‘Semi-Pro’ funny, but no slam dunk
Vail, CO, Colorado
Enough already. Seriously, enough.
Will Ferrell, we all think you’re funny, one of the funniest men in the world right now, but come on, you’re better than this.
Once again, Ferrell has resurrected the role of Ron Burgundy from “Anchorman” (the best of Ferrell as an immature, over-sexed superstar) only this time he’s clad in tiny shorts and tight shirts and an afro that could get him in the Black Panther movement.
It’s the ’70s and the American Basketball Association (think of it as the NBA’s alcoholic little brother) is merging with the NBA. The NBA will only allow the top four teams in the ABA to join their league, however, and thus begins the ridiculous stupidity of “Semi-Pro’s” plot. Jackie Moon (Ferrell) is the owner, manager, coach, starting forward and marketer of the Flint, Michigan Tropics. It’s his dream to be the owner of a professional basketball team so he pushes his players to strive for the number four spot since they can’t mathematically achieve a higher ranking.
Okay, as with any dumb movie starring Ferrell, there are some funny moments that will have you rolling in the aisle, but for the most part, even this is becoming rare as the Ferrell comedy machine slowly begins to rust.
Every supporting cast member gets ripped off with throw-away roles wasted on making Ferrell the star of the show. Woody Harrelson is overall unfunny as Ed Monix, a has-been hoops star giving it one more go with the Tropics. Andre Benjamin plays Clarence “Coffee” Black to few laughs. Andy Richter, Will Arnett and Rob Corddry, all of them super-talented and very funny, get little screen time and even less funny material to work with. The plot should work, but it spins its wheels instead, hopelessly waiting for the tired retread of ’70s style and Ferrell’s shouting-for-no-reason shtick to get it going.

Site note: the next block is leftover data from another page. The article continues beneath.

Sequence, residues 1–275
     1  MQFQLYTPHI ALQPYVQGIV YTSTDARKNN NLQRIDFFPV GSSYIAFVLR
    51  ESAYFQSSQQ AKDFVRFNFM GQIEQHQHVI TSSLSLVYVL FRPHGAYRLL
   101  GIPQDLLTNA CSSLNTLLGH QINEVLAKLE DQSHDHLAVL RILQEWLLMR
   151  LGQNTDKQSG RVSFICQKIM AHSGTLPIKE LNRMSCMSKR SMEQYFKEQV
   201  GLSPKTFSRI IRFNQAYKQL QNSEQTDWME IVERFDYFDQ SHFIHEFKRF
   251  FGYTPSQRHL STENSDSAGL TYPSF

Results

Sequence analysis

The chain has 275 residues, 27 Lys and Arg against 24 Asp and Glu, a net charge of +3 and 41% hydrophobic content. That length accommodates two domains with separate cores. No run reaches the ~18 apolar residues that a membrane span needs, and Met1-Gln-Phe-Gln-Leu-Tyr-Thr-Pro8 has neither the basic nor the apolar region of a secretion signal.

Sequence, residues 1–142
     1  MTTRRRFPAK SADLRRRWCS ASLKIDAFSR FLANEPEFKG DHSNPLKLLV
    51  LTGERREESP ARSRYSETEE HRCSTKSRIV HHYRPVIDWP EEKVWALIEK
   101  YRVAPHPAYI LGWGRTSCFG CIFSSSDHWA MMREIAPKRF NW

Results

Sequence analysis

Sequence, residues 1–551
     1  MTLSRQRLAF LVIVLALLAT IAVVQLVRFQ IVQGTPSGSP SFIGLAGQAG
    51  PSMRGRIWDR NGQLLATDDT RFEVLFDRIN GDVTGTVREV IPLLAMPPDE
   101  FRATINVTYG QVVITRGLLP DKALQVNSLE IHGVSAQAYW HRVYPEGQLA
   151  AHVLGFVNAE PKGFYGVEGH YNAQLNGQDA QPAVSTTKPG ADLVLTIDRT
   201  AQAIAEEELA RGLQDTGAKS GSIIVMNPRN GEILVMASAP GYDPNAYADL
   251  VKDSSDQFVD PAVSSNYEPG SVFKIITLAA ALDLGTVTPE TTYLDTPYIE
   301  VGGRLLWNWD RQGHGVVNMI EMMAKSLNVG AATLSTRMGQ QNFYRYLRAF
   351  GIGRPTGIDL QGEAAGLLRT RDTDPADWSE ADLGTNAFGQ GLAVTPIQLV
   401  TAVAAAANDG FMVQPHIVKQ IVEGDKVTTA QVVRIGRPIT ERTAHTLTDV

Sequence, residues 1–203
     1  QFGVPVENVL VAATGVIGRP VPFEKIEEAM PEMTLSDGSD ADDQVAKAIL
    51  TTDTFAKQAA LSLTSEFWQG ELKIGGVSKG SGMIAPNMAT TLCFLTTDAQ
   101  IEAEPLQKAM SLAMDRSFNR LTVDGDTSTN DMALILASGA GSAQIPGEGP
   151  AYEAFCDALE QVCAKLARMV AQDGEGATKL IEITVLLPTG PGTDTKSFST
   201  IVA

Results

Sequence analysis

The punctuated moments of hilarity are few and far between. One stand out scene comes after a Tropics game and Ferrell, Arnett, and other cast members are playing poker when somebody gets offended by a remark when a gun suddenly makes its way into the scene. An impromptu game of Russian Roulette ensues until somebody finally gets shot (it’s not as grim as it sounds). Those kind of inspired ad-libbing scenes keep the movie from being a complete waste of time.
If Ferrell insists on continuing down this road I’m sure it won’t stop anyone from going to see his movies, no matter how formulaic they all are. I know I’ll be first in line for most of them. I love watching Ferrell, even in movies like “Semi-Pro.” But I know he’s capable of so much more and until he is forced to do it, we could be watching Ferrell play this part for a long time to come.
High Life writer Charlie Owen can be reached at 748-2939 or email@example.com.
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